Pubdate: Tue, 26 Aug 2014
Source: Courier-Journal, The (Louisville, KY)
Copyright: 2014 The Courier-Journal
Author: Georgia Heise
Note: Georgia Heise is the district director of Three Rivers District Health
Department in Kentucky and president of the National Association of
County and City Health Officials.


There is a new normal in our communities. For some children, stumbling
across used, dirty needles at the park is more common than a pick-up
game. Heroin addiction is a big disease with an even bigger negative
impact on everyone.

Kentucky has the third-highest drug overdose ranking in the United
States. Of the 722 drug overdose death fatalities autopsied in 2013,
31.9 percent were attributed to heroin, compared to 19.6 percent in
2012. The estimated cost of substance abuse in Kentucky is over $6

The numbers speak for themselves. Heroin use is everywhere. Our
employers are seeing a rise in the number of applicants that cannot
pass a drug test. Our community members are hearing about heroin
overdose deaths just as commonly as they hear about heart attacks or
cancer. And our families are being destroyed.

But what is driving this huge increase and how do we get a handle on

Unfortunately the causes and solutions to heroin use are complex, and
this problem isn't unique to Kentucky.

As president of the National Association of County and City Health
Officials, I know that communities big and small across the country
are dealing with similar challenges. According to the Drug Enforcement
Administration, heroin overdoses resulting in death increased 45
percent from 2006 to 2010, with 3,038 such deaths reported that year.

This urgent public health crisis has left local health department
leaders -- charged to protect the health and safety of people in their
communities -- with their hands full, and challenged to respond among
many competing priorities. Every day, our nation's nearly 2,800 local
health departments detect and stop disease outbreaks like measles,
tuberculosis and food-borne illnesses. They lead efforts that prevent
and reduce the effects of chronic diseases, like diabetes and cancer.
They are also a critical part of a community's first response to
disasters and acts of terrorism.

Some experts say the dramatic rise in heroin use is due to a rampant
and rapidly growing epidemic of prescription drug abuse.

A recent study by the Substance Abuse and Mental Health Services
Administration shows that four out of five heroin users previously
used prescription pain relievers, called opioids, for non-medical use.
Many people addicted to opioids have found it increasingly harder to
get and have turned to heroin, which costs less and may be obtained
more easily than opioids. Clearly, opioids and heroin are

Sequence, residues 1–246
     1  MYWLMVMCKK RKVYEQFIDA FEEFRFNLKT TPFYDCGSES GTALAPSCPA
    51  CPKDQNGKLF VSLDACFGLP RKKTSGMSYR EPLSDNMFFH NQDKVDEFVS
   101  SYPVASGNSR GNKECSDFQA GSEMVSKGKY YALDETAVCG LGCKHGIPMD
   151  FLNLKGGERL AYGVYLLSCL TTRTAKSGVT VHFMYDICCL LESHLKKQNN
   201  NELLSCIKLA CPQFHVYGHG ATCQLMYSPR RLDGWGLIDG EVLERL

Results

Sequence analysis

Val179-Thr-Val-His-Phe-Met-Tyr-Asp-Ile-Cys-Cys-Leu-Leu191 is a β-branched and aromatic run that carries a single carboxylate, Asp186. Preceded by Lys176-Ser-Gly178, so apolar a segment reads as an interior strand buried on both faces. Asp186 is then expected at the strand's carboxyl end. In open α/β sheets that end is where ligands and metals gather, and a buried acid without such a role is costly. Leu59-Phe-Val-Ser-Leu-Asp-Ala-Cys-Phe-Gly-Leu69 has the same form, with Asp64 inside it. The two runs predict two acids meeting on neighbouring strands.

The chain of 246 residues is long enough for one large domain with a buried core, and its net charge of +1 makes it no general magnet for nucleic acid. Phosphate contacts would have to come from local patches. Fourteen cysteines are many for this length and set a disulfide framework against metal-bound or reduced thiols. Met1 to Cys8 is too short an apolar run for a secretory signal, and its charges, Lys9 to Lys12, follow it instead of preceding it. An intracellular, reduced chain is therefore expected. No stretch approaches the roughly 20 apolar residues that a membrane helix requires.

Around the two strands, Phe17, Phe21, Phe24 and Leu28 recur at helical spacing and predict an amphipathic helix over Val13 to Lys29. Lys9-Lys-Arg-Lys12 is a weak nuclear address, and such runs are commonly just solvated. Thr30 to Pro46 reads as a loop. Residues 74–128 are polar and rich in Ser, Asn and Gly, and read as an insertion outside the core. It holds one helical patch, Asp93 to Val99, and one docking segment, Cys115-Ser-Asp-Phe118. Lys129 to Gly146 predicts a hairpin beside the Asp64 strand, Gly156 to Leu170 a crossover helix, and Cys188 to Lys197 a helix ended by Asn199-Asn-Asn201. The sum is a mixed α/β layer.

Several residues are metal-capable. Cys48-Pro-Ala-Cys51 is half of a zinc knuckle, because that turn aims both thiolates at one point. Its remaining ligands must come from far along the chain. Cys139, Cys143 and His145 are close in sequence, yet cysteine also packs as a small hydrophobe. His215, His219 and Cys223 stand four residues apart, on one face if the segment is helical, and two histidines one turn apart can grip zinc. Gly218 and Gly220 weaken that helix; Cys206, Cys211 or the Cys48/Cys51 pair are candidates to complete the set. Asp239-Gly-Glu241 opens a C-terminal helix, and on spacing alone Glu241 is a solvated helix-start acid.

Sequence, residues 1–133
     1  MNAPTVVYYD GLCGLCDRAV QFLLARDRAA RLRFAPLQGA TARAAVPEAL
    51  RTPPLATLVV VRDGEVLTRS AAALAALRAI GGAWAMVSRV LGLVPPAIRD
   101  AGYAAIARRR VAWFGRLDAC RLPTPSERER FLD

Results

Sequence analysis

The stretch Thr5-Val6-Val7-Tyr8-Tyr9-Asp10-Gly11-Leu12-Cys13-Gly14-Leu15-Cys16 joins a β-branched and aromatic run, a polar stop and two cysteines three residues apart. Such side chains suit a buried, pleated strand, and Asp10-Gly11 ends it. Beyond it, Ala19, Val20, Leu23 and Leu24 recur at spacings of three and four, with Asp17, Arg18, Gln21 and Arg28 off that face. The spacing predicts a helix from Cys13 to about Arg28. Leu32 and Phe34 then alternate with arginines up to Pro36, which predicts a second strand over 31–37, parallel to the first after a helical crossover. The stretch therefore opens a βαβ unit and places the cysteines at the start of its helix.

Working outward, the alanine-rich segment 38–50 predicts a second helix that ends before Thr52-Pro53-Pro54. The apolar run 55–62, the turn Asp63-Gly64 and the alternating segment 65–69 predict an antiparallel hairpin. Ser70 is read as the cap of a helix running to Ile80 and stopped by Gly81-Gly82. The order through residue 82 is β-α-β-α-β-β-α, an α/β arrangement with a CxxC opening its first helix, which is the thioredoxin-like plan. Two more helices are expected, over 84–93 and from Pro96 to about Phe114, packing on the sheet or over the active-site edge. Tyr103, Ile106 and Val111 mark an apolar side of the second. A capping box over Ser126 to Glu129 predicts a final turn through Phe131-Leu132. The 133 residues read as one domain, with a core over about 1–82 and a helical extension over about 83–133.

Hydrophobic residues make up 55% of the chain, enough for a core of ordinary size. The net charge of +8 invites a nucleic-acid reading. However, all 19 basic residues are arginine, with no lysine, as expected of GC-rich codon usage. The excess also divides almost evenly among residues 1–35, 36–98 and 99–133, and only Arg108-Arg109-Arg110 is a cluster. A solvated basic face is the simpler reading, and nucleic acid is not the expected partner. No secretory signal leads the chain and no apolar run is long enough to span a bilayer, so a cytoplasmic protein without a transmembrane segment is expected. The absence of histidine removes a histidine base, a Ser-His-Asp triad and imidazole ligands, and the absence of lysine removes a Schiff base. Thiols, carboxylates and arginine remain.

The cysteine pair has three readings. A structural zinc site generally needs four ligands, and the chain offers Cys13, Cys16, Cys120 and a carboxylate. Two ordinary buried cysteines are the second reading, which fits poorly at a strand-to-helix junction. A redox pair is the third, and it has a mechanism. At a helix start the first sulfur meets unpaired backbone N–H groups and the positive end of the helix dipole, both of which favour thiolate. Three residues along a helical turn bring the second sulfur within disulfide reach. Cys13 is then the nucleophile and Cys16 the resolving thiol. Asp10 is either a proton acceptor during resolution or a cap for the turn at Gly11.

interdependent problems. If we wish to solve the problem of heroin
abuse, we must also tackle the prescription drug abuse problem.

At Three Rivers District Health Department in Kentucky, where I am the
district director, we are working hard to solve this complex and
widespread problem. In collaboration with the Northern Kentucky
District Health Department, Northern Kentucky Area Development
District, and Impact for Health, a new heroin coordinator manages
prevention, education and policy development. I've seen firsthand how
partnerships and grassroots efforts begin conversations that are
desperately needed to combat this challenging issue.

While we are making progress to improve the public's health in
Kentucky, we can accomplish more here and around the country with help
from our federal policymakers. Yet, ongoing congressional budget cuts
have limited the ability of local health departments to address the
heroin overdose problem.

Congress has drastically cut funding for public health programs over
the last several years, which in combination with local and state
budget cuts means that local health departments like ours are
struggling to do critically important work with fewer staff.
Undoubtedly, these cuts have restricted our ability to serve and
respond to community health needs and public health

What's next?

Kentucky's U.S. senators Mitch McConnell and Rand Paul should use
their leadership to influence public health policies that expand and
strengthen prevention for prescription drug abuse, misuse and
overdose, and provide funding for local health departments or their
system partners to respond to the rising tide of heroin abuse and
overdose. Not only is Kentucky counting on them to do the right thing,
but so is the nation.

We must act now at the local and national level to address this
growing, multifaceted epidemic, because the new normal is
unsustainable and our communities can't afford it.

Georgia Heise is the district director of Three Rivers District Health
Department in Kentucky and president of the National Association of
County and City Health Officials.  
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